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Friday, January 1, 2016

Ross County Amnesty for Witnesses of Drug Overdoses

“Heroin has lost its stigma as a poisonous, back-alley drug. There’s no psychological barrier anymore that stops a young person or an older person from taking heroin. There’s no typical [heroin user]. It has permeated every segment of society in Ohio.”

-- Ohio Attorney General Mike DeWine, "60 Minutes" Interview

Drug overdoses are the leading cause of accidental deaths in Ohio. The heroin epidemic has hit Southern Ohio a deadly blow. Ross County is reeling -- in December alone Ross County has seen more than 30 overdoses, and records show in 2015 nearly 40 residents have died in the county.

“Heroin has now invaded every section of our community here, from common pleas court to municipal court,” said Sherri Rutherford, Chillicothe’s law director.

And, although Ross County is among areas with the highest rates of drug overdose deaths in the state  when accounting for population and age, officials there are taking major steps to stop the carnage. They have decided to battle heroin overdoses with amnesty; not for drug dealers, but for anyone who calls for help for a user who overdoses.

The Overdose Amnesty Program was established over the last few months by Prosecutor Matthew Schmidt’s office, the County Sheriff’s Office, the Chillicothe Police Department and other area law enforcement agencies. The police started carrying and administering Narcan six weeks ago, and the Sheriff’s Office began three weeks ago.

The program applies to witnesses of drug overdoses who call for help, reports the Chillicothe Gazette.

“Heroin is not worth dying over,” said Schmidt. “Law enforcement officials in this county would rather see addicts get help, than get arrested. We would rather see lives saved, than lives lost.”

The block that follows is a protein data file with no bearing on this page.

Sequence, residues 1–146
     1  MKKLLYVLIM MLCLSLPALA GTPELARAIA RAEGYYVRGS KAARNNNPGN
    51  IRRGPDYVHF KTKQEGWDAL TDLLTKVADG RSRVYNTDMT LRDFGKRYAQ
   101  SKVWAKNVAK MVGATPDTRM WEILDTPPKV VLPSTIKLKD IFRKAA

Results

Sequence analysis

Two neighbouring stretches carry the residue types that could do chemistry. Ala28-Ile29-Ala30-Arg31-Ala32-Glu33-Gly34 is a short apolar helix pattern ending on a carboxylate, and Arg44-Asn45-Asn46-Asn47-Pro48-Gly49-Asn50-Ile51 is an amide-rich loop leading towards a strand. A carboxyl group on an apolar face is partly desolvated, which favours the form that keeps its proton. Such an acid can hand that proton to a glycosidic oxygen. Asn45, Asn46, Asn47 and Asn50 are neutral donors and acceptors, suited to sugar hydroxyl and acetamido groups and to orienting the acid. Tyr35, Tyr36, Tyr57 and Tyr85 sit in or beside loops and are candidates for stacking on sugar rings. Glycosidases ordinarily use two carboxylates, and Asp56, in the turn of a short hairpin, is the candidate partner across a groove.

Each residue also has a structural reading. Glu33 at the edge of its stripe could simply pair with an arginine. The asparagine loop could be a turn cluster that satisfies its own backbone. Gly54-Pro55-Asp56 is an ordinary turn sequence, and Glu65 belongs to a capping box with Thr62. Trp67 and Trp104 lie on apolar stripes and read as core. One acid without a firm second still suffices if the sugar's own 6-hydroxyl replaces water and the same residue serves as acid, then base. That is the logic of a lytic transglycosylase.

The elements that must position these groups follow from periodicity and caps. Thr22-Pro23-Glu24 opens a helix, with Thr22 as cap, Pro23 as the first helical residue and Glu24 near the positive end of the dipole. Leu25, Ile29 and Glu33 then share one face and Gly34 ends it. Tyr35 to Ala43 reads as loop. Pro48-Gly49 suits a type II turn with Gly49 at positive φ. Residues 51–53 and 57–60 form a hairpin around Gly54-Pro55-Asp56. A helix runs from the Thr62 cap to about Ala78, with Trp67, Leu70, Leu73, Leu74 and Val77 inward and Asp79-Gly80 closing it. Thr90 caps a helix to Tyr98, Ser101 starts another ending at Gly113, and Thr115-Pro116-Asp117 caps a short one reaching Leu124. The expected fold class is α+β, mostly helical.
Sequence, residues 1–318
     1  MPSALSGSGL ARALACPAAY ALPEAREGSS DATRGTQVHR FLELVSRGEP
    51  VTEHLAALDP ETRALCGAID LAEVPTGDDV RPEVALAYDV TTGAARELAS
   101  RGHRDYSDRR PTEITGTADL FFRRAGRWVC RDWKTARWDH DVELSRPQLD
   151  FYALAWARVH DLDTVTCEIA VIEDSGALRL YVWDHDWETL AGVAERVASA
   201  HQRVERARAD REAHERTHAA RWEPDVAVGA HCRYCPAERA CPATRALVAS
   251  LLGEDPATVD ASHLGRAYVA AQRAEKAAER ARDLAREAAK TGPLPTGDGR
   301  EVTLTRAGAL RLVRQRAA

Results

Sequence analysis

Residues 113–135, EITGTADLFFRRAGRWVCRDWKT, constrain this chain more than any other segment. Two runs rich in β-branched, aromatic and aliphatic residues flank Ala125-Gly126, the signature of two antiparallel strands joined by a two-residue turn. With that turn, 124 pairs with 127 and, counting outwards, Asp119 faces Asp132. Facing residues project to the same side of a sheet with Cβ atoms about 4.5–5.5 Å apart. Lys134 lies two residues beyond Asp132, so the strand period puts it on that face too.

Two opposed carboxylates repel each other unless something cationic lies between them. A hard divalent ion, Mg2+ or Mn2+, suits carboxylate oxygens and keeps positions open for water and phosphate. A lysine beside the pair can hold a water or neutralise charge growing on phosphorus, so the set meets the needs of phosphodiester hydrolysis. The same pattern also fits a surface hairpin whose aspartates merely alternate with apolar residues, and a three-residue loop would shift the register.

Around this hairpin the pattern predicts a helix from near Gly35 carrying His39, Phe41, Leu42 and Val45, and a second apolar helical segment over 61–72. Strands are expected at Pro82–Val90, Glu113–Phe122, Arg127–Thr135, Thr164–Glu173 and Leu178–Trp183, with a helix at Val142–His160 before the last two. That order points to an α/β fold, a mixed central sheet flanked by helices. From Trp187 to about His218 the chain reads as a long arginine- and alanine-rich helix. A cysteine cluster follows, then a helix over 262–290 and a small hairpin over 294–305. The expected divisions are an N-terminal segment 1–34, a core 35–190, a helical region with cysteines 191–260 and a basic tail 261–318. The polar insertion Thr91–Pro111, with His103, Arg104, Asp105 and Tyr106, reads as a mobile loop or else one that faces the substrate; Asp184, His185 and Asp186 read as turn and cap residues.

Emergency callers can ask for amnesty on misdemeanor drug charges, such as drug possession, possession of drug abuse instruments, permitting drug abuse and drug paraphernalia charges. Drug traffickers will not be eligible for amnesty.

("Southern Ohio county offers amnesty to witnesses of drug overdoses."
Associated Press. Toledo Blade. January 01, 2016.)

“This is not for drug dealers,” Schmidt said. “You won’t be able to avoid charges”

The amnesty program will also not let people avoid parole or probation violations, bond violations or Drug Court sanctions. Schmidt said.

The law reads ...

“… any person who witnesses another person overdosing, or believes that they themselves are overdosing, and calls for emergency assistance without delay, may request amnesty. That person will be granted amnesty from prosecution for possession of drugs, possessing drug instruments, permitting drug abuse and drug paraphernalia for any drugs in their possession or being used upon the premises during the occurrence of the overdose.”

(Rick Reitzel. "Ross Co. starts amnesty program for drug users who call in an overdose." Columbus. December 31, 2015.)

Sheriff George Lavender believes the law allows quicker access for those administering help and faster treatment for those in need. The caller who witnesses an OD does not have stay at the scene.

“The appropriate thing is to get help on the way and to be quite frank with you, the assistance we have seen provided by fellow users is normally a negative thing,” said Schmidt.


“In the last six weeks we have saved nine lives by administering Narcan,” said Chief Keith Washburn.

So-called “Good Samaritan” laws already exist in 34 other states, including Kentucky, West Virginia, Pennsylvania and Illinois. Ohio lawmakers are considering a similar measure, currently being heard in the House Judiciary Committee.

We all know the cliché "Desperate times call for desperate measures." I believe it applies. If you want to read about an even more novel approach to fighting heroin, check out what Gloucester, Maine is doing. The Associated Press reports ...

"Gloucester is taking a novel approach to the war on drugs, making the police station a first stop for addicts on the road to recovery.

"Under a policy launched in June, heroin and opioid addicts who voluntarily turn themselves in at the station are fast-tracked into treatment services through a team of police officers, volunteers and trained clinicians.

"They aren't charged with a crime, and much of their treatment cost is covered through public and private insurance, grants by service providers and by police using money seized from drug dealers.

"They can even hand over drugs and drug paraphernalia to police, no questions asked."

(Philip Marcelo. "Addict amnesty: Police give heroin addicts support, rehab."
ABC. August 14m 2015.)

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